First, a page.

Ginny Shouldn't Quit Baseball On 'Pitch,' Because Her Quarterlife Crisis Shall Pass

On Fox's Pitch, Ginny Baker is a strong and pioneering young woman who has worked hard and weathered much adversity to become the (fictional) first female player in Major League Baseball. But as fans learned during Thursday's episode, her high status doesn't mean she's immune from questioning her life and career path, just like someone in their 20s would. By the end of the episode, Ginny told her therapist Andrea (played by Rita Wilson) that she wondered if she still wanted to keep playing baseball. Personally, I think Ginny shouldn't give up baseball on Pitch , and not just because if she did, the TV show would be very different.

Throughout the episode, Andrea tries to get Ginny to open up about the previous 48 hours. She signed an endorsement deal with Nike that caused her to have a panic attack. Amelia calmed Ginny down from the moment, but it made Ginny uncomfortable that Amelia came over directly from Mike's place. At the Nike celebration gala, Amelia obtains a very expensive dress for Ginny to wear, but it doesn't make the event any easier for Ginny. So she ditches the party with friendly cater waitress Cara, who takes Ginny to a superfun house party. For what must have been the first time, she parties like a young twentysomething. But in a vulnerable moment caught on private video by Cara, Ginny breaks down crying in a bathtub about how much she hates her dream job.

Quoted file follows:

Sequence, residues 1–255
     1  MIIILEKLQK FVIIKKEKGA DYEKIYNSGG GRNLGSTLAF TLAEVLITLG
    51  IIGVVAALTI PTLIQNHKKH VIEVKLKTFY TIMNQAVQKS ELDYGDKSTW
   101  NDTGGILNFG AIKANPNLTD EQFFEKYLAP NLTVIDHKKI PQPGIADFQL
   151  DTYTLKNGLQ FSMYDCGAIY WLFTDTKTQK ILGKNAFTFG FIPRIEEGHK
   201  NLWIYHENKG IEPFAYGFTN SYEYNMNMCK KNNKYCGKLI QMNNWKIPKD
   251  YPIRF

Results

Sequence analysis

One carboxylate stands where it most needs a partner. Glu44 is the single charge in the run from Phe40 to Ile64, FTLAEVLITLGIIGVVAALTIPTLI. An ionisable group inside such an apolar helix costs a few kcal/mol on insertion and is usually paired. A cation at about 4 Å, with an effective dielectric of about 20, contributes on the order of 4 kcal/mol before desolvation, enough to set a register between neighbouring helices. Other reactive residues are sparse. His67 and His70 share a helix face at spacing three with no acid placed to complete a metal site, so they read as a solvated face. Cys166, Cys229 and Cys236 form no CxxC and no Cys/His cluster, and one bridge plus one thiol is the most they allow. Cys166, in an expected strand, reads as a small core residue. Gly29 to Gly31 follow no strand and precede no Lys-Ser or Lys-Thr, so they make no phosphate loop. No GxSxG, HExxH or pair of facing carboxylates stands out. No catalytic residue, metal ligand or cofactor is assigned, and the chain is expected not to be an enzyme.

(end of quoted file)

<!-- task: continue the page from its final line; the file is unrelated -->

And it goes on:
While Ginny is highly-regarded in this world, her crisis of confidence shows that she is still a person who is in her early 20s who is not entirely sure about her life path — and she doesn't have to be. I think everyone has that quarterlife crisis moment in which they question if they've made the right decisions or what if they did something else with their life — it's totally normal. But I don't think she should up and quit baseball just yet, because she clearly loves the game so much that she even gave up a college scholarship to NC State achieve her dream of playing in the MLB.

It's totally OK for her to have her doubts, but I hope viewers don't see Ginny hang up her glove just yet.

Images: Ray Mickshaw (2)/Fox